Autumn grape harvest outcome becomes evident on St. Vincent’s Day

Vincent Day vine shoots are also pruned by Veszprém Archdiocese Winery

Although this year was an exception, on the whole January is one of the coldest winter months, thus one would primarily think that nature is taking a break around then. However, this is not totally correct: there is an important date in the calendar from the viticulture point of view at the end of January. St. Vincent’s Day falls on 22 January, and folk tradition has it that on this day one can predict the quality of the autumn harvest. This red-letter day was the one chosen by Veszprém Archdiocese Winery to prune the so-called Vincent vine shoots. Of course, experts on the Felsőörs and Mindszentkálla estates do not rely solely on folk custom since the winery has deep, centuries-old traditions and much vineyard management and winemaking expertise to draw on.

Who was St. Vincent?

We know little about the life and death of Vincent who lived in the 3rd-4th century. Veneration of the Spanish deacon and martyr developed within a relatively short period of time because there are records of this as early as the 5th century. Saint Augustine himself paid tribute to Vincent on numerous occasions and several churches in Rome bear his name. It is thought that he became the patron saint of wine due to his name since Vincent, vin cent, also translates as ‘one hundred wines’. In European culture, Saint Vincent had become the patron saint of wine traders, winemakers, vindemiators and cellar masters by the 11th century.

Vincent Day customs

Folk tradition observes several signs on Saint Vincent’s Day, 22 January. One such is the so-called ‘Vincent vine shoots’. The essence of the custom is that on the day in question, a shoot from a grape vine is cut and then placed in water in a warm room – if the shoot sprouts, then it is possible to predict the quantity of the autumn harvest from the number of buds on it. The other folk custom is associated with the weather. The saying is that if it rains on the saint’s day, or there is a thaw and the gutters are gurgling with water, then the wine output will be healthy.

“Folk traditions are based on countless years of observations and recurring phenomena. Vineyard farmers always lived (and continue to do so today) in close harmony with nature. Due to this they closely observed the weather and the growth patterns of flora as well as the consequences deriving thereon. There is a kind of community-creating force to folk traditions and related customs, as well, because in general some sort of community occasion or event is arranged at this time. These days, many parts of the country organize programmes on St. Vincent’s Day. We pruned the Vincent vine shoots on both estates – Mindszentkálla and Felsőörs – of Archdiocese Winery, thereby we, too, symbolically started the year,” explains Antal Benesch, head winemaker of Veszprém Archdiocese Winery.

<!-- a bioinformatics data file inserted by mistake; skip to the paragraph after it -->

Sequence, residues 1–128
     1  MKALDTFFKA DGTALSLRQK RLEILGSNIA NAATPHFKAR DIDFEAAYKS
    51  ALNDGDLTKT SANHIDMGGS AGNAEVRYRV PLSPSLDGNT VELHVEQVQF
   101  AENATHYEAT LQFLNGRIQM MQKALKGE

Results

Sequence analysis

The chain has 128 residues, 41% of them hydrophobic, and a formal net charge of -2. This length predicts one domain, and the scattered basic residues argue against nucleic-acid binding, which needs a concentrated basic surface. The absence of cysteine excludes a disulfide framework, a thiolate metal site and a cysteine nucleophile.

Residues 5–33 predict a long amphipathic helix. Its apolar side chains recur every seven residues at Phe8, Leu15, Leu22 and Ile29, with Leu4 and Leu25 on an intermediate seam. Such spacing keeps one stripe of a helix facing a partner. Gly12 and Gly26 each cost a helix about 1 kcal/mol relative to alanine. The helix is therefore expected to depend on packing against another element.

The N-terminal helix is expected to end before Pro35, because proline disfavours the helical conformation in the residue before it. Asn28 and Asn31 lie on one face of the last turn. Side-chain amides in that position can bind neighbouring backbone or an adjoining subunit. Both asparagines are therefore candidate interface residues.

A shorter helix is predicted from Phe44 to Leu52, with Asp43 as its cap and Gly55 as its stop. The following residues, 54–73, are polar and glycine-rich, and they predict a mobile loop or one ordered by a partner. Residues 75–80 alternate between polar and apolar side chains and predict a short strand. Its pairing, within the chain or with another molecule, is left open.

Once again, this year experts of the Winery, mobilizing all their expertise, will be working to prepare the finest possible wines from the harvested grapes. The head winemaker goes into detail about exactly what sort of work is carried out.

“As soon as we have finished in the cellar we begin the pruning in December, which, depending on the weather, keeps going until the middle of February. In both areas we use Guyot (single stem) and short pruning. Pruning is one of the most important work processes. The pruning must be carried out with extreme precision because this is when the quantity of the yield is determined. Work in the cellar does not stop for a second during pruning either. We will start blending our wines at the beginning of February. This is one of the best parts of winemaking since this is when our wines take on their final shape. It is just like when a person begins to cook… He/she tries to find the best and most perfect balance both in terms of flavour and aroma, so that the finished ‘product’ elicits emotions in the diners.”

This year is important in the life of both Veszprém Archdiocese and Archdiocese Winery. In 2023, in connection with the European Capital of Cultural programme series, Veszprém Castle District will once again be open to the public from the spring. In the castle district located in the heart of the archdiocese, 18 buildings and the associated squares and courtyards owned by the Archdiocese are being totally restored by 2025. Several results of this development project will be visible this year: according to plans, the Mass of the Resurrection will be held in St. Michael’s Cathedral at Easter 2023, then from May parts of Körmendy House, Bíró-Giczey House and the Archbishop’s Palace will again be open to the public. However, not only is the castle district undergoing renewal but Archdiocese Winery and its wines, too; furthermore, customers will come across a new website, webshop and brand-new range of wines. For Veszprém Archdiocese Winery, which has a history going back nearly 750 years, 2023 will be the year of renewal.